Image Dark Matter

There comes a time in everyone’s life where they decide to grow up and do a thing. I recently decided to do a thing that had always seemed a bit too far in the aesthetic realm to be any concern of mine. That thing was image manipulation using canvas. As it turned out, this attempt became much more about data than anything.


The core idea behind this program is to take a handful of source images and combine their pixel data into a new image that represents a blend of their characteristics. The term Dark Matter represents the unobservable majority of matter in the universe. Its existence is only inferred by other observations and aside from that, it is intangible.

This program is called Image Dark Matter because in my imagination I would like to believe there is substance that transcends given images that are taken at different points in time. I took a handful of images at property my parents recently purchased in Cross Plains, WI (more on that here) and used some of them as source data for this program.

My goal was to combine these images together and abstractly represent my thoughts towards the property, my family, and nature in general at that point in time. That representation is very much Dark Matter in that it is only abstract, inferable, and intangible.

Here are the four images I used as source data:

ImageDarkMatter Source 1 ImageDarkMatter Source 2 ImageDarkMatter Source 3 ImageDarkMatter Source 4

Enough of the mumbo jumbo, lets get to it.

Canvas and getImageData

For those who are reading this with zero reference for canvas, this section is for you. Essentially an html5 canvas is a pixel playground you can create with JavaScript.

  var canvas = document.createElement("canvas");
canvas.width  = 100;
canvas.height = 100;
var context = canvas.getContext("2d");

That’s the barebones way to create a canvas with JavaScript. canvas is the literal <canvas> html element. context is a way to access the canvas. If we wanted to draw an image to the canvas, we would do the following on the context:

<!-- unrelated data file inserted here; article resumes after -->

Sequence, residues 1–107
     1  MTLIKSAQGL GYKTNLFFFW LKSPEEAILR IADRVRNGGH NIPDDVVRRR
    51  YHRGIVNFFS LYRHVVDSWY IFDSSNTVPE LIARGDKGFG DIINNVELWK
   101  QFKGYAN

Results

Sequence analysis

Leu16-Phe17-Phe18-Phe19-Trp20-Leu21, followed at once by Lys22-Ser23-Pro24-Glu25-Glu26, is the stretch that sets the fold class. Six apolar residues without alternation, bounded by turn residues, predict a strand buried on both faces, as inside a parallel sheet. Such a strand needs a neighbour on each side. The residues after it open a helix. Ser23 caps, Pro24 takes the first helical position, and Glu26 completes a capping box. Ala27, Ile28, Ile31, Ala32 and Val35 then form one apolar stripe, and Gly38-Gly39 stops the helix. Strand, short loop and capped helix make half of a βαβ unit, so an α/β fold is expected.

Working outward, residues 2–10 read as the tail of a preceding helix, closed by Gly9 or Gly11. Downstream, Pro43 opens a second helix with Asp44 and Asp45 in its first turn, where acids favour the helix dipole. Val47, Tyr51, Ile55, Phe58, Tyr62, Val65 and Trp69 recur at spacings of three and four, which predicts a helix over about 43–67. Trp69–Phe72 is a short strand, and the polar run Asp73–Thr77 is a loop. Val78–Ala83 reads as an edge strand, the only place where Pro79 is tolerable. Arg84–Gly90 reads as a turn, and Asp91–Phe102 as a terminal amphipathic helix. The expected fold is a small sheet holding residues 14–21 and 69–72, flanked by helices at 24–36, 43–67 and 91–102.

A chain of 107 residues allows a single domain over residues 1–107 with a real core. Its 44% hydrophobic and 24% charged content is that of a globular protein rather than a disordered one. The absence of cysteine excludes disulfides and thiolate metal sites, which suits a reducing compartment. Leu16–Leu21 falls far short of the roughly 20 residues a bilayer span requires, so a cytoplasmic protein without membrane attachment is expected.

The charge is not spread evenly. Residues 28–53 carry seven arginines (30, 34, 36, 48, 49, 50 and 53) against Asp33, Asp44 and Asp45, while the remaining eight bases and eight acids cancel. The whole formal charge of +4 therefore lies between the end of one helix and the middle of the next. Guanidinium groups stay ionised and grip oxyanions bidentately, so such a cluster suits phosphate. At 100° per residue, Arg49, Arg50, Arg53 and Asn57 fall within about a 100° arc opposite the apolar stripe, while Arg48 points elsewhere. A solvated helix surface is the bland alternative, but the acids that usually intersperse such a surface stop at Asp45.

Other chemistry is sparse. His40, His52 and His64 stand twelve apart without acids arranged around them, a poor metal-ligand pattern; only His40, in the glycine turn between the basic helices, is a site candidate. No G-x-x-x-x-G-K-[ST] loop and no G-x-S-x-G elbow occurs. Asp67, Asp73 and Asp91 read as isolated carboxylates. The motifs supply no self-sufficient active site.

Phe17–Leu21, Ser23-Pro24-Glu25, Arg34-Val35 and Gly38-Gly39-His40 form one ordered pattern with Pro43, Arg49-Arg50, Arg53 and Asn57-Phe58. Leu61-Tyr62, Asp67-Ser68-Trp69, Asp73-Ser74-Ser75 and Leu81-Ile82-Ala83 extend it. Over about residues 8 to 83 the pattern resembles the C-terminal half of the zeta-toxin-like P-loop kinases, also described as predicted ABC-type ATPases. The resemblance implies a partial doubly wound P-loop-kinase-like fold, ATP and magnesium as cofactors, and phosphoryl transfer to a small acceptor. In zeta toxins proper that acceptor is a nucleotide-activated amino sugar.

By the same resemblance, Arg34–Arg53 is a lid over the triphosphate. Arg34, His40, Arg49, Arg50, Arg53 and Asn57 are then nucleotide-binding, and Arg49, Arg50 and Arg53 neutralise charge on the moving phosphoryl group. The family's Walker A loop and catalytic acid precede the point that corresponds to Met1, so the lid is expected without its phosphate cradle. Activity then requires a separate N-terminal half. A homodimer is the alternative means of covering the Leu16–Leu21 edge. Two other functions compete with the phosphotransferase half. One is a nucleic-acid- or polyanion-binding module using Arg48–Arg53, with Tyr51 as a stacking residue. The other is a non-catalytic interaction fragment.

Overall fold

var image = new Image();
image.src = "path/to/image.jpg";
image.onload = function() {
  context.drawImage(image, 0, 0); // (image, x, y)

This would draw an image to our canvas’ context. The best way to think about canvas is like the “flatten layers” command in Photoshop. Every time you do something on a canvas, it is just pixels. There is no "layer" in canvas, you simply make more canvases if you really need to layer things.

Now that we have a flat image on our canvas, we can use getImageData() to grab a rectangle of image data at x, y coordinates. The parameters in getImageData() are x, y, width, height. If I wanted the top left 50×50 square, i would do the following on the context:

  var top_left_50_by_50_square = context.getImageData(0, 0, 50, 50);

Now, this data is represented by a JavaScript object. The object has three values. Our top_left_50_by_50_square looks something like the following:

  top_left_50_by_50_square = {
  width: 50,
  height: 50,
  data: [
    10, 76, 210, 255, 46, 19, 12, 255 // a bunch more stuff...

The above object is probably fairly easy to understand, except the data bit. You may be able to guess based on the 255 that I put in there. data is an array of rgba values. rgba is red, green, blue, alpha. alpha is a 0-255 representation of transparency with 255 representing fully opaque and 0 representing fully transparent. This is different than CSS rgba() where alpha is 0-1.

Think of the data as a merged sequence of pixel rgba.

  R1, G1, B1, A1, 
  R2, G2, B2, A2, 
  // ... and so on for each pixel

Reading this data could look something like this:

  var data =;
var colors = [];
for(var i = 0, loop = data.length; i < loop; i += 4) {
  var color = {
    r: data[i],
    g: data[i + 1],
    b: data[i + 2],
    a: data[i + 3]

The point here is, that’s all it takes to get and read pixel data from an image. You don’t need to be a wizard to know the rgba value of every pixel in an image.

Combining Image Data

Now that we can to grab all the data from the source images, We need to be able to convert it into a format that is a lot easier to manipulate. The form I chose is hsl. hsl stands for hue, saturation, and lightness. hsl is much more programatically descriptive than rgb. Quick, tell me how light rgb(100, 20, 65) is. Exactly.